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Best Way To Learn Autodesk Fusion 360

Best way to learn Fusion 360

My hero, Tony Robbins said:
“You can only learn by connecting something unknown to something you already know.”

Trying to learn a new CAD/CAM software can be painful, especially if you have no idea where to find someone to connect the unknown to the known.

Now, there is a place for Fusion 360 users to close the gap between the unknown and known… The Getting Started Portal:
https://www.autodesk.com/products/fusion-360/get-started

I can still remember that Saturday afternoon in 2007. After hours of fighting, frustrated, confused and defeated, I drove to the book store and bought SolidWorks for Dummies…Man, did I feel dumb that day.

2007 was a long time ago, and yes, I still feel frustrated when learning new software. But luckily for you and me, when it comes to Fusion 360, the new Getting started With Fusion 360 takes the feeling dumb out of the picture.

Remember…
Remember, all you need is a good strategy to get a handle on Fusion 360. And, a strategy is nothing but a way to organize your resources. That is what this is.

What is it?
This is your Fusion 360 specialists, call them professors if you like, providing you with the best-structured learning site for Fusion 360.

Why use it?

One place of Fusion 360 learning content that will constantly be updated and expanded…bigger is better!

What can you gain?
You will for sure leave the Getting Started with Fusion 360 a lot more confident in your modeling skills…if not, beers on me.

How does it work?
It is easy; it is free. You simply click on the path that excites you the most. And, the distance from unknown to known just got a lot smaller.

Conclusion…
Yes, I think YouTube is great, but nothing replaces a structured learning path. This learning site has the resources you need in an organized fashion; a place you can start out, and come to for continued learning. Like I said, it is free…Check it out:
https://www.autodesk.com/products/fusion-360/get-started

Podcast Episode 11 – Quick CAD Tip, 7 Skills Needed to be a top engineer & CAD News


Listen to the Podcast!
Quick CAD Tip, 7 skills needed to be… & CAD News!
Show notes:
CAD Tip: Start your CAD Design the right way
7 Skills Needed to Be a Top Engineer
CAD Professional’s Guide to Lightning-Fast R&D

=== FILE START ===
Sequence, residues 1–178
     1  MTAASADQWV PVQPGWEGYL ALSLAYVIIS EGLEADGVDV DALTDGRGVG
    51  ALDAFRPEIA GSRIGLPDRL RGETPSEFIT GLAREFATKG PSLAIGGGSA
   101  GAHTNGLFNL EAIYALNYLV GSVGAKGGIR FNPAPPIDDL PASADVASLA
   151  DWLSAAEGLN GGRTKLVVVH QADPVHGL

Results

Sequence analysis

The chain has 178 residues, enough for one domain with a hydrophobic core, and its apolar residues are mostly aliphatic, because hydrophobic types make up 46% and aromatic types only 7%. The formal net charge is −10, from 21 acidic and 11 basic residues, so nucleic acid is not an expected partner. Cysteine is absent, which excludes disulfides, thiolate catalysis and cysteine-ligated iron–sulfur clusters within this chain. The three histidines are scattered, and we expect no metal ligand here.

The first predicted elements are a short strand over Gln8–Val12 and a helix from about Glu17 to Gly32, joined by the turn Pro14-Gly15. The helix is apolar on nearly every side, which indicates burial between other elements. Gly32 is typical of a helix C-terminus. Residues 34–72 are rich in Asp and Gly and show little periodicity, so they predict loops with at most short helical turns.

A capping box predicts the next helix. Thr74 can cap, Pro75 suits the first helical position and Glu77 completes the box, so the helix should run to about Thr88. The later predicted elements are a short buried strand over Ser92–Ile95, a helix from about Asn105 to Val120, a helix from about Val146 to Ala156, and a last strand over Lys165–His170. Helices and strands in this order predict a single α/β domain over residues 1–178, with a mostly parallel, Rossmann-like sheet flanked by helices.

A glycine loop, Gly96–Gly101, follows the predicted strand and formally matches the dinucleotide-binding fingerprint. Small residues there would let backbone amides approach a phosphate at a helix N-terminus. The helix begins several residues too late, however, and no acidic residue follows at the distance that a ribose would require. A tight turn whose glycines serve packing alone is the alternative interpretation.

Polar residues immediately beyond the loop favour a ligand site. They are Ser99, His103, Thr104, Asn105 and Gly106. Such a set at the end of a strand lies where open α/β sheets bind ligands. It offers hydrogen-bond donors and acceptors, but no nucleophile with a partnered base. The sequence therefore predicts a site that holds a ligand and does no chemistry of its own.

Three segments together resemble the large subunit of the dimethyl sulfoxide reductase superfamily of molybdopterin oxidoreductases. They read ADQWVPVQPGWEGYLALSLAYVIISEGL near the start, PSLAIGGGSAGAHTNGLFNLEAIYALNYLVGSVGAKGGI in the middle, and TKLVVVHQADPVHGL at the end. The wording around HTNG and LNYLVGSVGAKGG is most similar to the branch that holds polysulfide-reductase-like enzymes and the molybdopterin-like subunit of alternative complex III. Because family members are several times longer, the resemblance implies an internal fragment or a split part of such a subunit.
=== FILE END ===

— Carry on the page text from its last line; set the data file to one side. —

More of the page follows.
Lawsuit Against Stratasys Claims MakerBot Knew Of Faulty Smart Extruders, Misled Investors
MakerBot opened its new, 170,000-square-foot factory
Massive Investment in GM Arlington Assembly Plant
Delcam Appoints Charles Jones as Industry Marketing Manager
BobCAD-CAM Releases v28 CAD-CAM Series
Develop3D Summer magazine
What you need to know about upgrading to Windows 10
How Fast Can A Ferrari Go On Autobahn? This Video Has The Answer

Getting started with the 3D Printing Utility in Fusion 360

So much good stuff to be found in Autodesk’s standard Fusion 360. Check this video out! Link
On the fabrication side you have a pretty cool 3D Printing utility that talks with Autodesk’s Free MESHMIXER.
Download Autodesk MESHMIXER

Manufacturing is taking 3D Printing to the next level

3DPrinter Manaufacturing
3D printing has been around for a long time, but not until recently has this technology reached a level where traditional manufacturing facilities are taking it seriously.

The process called “Additive Manufacturing” builds layer by layer and has been seen only as a pure prototyping process until recently. With new materials, better accuracy, various sized platforms and reasonable pricing, it has come to a point where everyone can participate.
We are not talking about the hobbyist level, though we probably have to thank them for helping push the technology.  They are also, unfortunately, the ones who created a false impression that this is merely a fancy hot glue gun that makes toys.

Autodesk 3D PrintingOn the other end of the spectrum, you have Autodesk announcing that they are investing $100 million in 3D Printing companies over the next several years. They are also developing their own 3D Printer and 3D Printer software which is open source for everyone to tinker with. (More to come in another blog post about this.)





But what about manufacturing…